Staving off a strike in nearly 3,000 New York City apartment buildings, the union representing more than 30,000 residential building workers agreed Sunday to a tentative three-year contract that includes a lower wage for new employees and an 8.3 percent pay increase for workers.
The city’s residential building owners and the union representing doormen, janitors, handymen and elevator operators reached the accord after both sides made sizable concessions and agreed to a pattern that was set last year after service workers at 1,000 New York office towers conducted a 30-day strike.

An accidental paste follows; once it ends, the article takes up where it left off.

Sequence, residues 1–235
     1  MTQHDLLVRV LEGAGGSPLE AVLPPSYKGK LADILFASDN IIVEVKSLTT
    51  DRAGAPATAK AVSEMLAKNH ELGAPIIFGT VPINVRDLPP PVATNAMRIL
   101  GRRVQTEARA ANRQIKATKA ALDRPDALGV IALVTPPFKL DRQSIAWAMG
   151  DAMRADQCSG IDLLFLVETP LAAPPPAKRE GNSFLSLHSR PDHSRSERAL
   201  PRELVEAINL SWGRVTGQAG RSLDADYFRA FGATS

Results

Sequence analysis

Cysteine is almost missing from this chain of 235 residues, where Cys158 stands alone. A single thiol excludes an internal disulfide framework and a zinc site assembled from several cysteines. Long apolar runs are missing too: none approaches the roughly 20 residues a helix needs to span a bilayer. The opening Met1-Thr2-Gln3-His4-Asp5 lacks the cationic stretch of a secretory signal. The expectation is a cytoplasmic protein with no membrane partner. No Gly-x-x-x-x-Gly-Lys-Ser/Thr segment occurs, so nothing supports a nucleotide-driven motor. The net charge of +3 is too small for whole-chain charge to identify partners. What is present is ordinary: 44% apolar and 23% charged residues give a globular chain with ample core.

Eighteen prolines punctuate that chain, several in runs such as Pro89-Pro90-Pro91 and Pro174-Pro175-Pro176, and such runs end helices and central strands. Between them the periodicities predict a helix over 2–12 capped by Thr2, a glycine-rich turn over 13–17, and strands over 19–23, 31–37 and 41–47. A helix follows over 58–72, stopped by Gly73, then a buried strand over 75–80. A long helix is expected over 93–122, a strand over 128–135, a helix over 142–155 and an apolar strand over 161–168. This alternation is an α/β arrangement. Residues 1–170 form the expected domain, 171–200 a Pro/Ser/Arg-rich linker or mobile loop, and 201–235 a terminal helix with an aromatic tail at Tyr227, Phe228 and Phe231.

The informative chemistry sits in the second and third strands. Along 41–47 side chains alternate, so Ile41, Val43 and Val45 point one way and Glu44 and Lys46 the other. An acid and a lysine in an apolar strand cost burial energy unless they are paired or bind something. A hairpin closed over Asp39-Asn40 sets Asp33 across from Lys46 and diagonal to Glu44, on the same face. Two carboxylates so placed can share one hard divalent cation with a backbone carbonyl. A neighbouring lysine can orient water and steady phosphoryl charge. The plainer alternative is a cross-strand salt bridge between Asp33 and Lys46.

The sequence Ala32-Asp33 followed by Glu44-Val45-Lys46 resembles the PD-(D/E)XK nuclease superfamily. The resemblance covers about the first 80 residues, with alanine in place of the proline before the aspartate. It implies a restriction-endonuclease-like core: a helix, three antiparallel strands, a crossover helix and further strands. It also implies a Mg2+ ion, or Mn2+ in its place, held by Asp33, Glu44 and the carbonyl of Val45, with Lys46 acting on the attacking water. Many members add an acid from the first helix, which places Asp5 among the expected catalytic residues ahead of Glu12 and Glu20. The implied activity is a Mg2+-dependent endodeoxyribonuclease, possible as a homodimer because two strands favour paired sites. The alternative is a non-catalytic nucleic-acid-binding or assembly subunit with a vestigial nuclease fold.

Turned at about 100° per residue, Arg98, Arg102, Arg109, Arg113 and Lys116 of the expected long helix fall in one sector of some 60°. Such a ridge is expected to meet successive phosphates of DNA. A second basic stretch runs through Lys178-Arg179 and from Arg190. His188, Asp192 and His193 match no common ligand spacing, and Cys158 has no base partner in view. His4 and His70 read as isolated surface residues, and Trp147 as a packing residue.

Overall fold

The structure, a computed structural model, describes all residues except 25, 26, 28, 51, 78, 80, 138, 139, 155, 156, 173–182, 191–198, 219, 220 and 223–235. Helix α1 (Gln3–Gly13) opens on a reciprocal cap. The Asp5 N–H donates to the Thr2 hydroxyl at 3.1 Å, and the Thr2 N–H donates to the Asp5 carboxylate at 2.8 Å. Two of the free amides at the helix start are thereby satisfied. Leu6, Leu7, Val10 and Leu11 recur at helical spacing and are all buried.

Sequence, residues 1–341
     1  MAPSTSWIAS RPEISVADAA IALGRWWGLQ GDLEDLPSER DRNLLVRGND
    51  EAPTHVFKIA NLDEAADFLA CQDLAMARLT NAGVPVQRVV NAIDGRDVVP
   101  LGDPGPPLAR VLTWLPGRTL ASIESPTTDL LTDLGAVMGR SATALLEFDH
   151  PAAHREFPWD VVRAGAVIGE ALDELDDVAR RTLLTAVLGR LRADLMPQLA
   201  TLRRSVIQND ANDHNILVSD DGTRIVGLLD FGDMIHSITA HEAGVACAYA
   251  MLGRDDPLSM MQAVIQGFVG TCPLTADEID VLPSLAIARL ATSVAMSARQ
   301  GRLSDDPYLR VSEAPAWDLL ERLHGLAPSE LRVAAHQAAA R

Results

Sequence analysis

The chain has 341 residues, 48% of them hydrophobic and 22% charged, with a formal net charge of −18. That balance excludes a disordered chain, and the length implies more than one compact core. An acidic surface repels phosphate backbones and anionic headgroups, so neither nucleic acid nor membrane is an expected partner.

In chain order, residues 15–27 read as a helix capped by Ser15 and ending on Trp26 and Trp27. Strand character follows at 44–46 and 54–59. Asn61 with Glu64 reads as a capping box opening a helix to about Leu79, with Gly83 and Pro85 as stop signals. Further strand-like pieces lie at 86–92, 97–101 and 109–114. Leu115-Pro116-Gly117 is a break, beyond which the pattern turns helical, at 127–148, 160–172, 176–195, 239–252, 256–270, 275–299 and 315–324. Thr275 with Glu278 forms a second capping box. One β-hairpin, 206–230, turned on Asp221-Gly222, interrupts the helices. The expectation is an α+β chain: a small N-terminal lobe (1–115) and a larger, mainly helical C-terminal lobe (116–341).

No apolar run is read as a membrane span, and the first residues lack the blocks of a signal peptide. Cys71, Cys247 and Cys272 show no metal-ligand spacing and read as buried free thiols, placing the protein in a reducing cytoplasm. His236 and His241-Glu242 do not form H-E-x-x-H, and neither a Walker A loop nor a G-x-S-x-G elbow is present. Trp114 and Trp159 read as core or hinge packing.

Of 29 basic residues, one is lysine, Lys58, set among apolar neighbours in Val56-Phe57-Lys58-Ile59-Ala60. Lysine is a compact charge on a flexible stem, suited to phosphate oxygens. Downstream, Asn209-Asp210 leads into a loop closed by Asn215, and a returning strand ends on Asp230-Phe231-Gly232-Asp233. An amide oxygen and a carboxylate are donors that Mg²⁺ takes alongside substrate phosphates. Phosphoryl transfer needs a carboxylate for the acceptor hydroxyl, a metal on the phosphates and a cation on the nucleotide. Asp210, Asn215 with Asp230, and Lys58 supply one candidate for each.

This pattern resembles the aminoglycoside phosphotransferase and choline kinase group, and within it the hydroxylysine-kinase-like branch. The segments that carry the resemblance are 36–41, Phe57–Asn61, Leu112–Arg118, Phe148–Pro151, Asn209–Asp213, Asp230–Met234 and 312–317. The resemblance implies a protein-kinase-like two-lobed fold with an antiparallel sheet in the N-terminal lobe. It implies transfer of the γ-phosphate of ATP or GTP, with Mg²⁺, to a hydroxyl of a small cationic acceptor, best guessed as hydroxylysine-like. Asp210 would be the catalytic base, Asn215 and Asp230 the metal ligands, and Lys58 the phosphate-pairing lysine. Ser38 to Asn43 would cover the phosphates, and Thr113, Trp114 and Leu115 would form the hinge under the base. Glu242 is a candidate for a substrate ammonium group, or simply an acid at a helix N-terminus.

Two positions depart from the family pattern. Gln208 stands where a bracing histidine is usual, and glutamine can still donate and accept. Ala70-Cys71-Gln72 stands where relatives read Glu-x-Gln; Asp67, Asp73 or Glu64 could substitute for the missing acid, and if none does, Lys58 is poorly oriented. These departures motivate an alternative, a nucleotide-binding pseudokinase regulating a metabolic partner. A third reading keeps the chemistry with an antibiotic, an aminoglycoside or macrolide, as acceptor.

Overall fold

Representatives for the owners said the agreement would be “costneutral” - that is, any increased costs would be offset by the lower starting salaries and other savings.
A strike would have affected hundreds of thousands of tenants, and the agreement delighted all those worried about who would watch the front door, sort the mail and take the garbage down the service elevator.
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